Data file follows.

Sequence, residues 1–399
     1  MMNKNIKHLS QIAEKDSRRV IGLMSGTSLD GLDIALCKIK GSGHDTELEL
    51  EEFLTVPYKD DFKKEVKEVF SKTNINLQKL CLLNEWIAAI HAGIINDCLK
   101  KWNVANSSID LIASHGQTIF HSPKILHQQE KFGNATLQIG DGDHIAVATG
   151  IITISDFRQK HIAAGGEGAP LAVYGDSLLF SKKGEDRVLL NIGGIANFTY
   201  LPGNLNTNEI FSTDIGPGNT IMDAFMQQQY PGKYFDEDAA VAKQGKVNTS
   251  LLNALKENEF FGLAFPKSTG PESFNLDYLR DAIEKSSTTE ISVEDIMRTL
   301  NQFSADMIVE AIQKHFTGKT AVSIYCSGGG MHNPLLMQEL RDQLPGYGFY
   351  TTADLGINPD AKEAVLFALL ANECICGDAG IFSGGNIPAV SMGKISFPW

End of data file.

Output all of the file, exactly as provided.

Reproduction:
Sequence, residues 1–399
     1  MMNKNIKHLS QIAEKDSRRV IGLMSGTSLD GLDIALCKIK GSGHDTELEL
    51  EEFLTVPYKD DFKKEVKEVF SKTNINLQKL CLLNEWIAAI HAGIINDCLK
   101  KWNVANSSID LIASHGQTIF HSPKILHQQE KFGNATLQIG DGDHIAVATG
   151  IITISDFRQK HIAAGGEGAP LAVYGDSLLF SKKGEDRVLL NIGGIANFTY
   201  LPGNLNTNEI FSTDIGPGNT IMDAFMQQQY PGKYFDEDAA VAKQGKVNTS
   251  LLNALKENEF FGLAFPKSTG PESFNLDYLR DAIEKSSTTE ISVEDIMRTL
   301  NQFSADMIVE AIQKHFTGKT AVSIYCSGGG MHNPLLMQEL RDQLPGYGFY
   351  TTADLGINPD AKEAVLFALL ANECICGDAG IFSGGNIPAV SMGKISFPW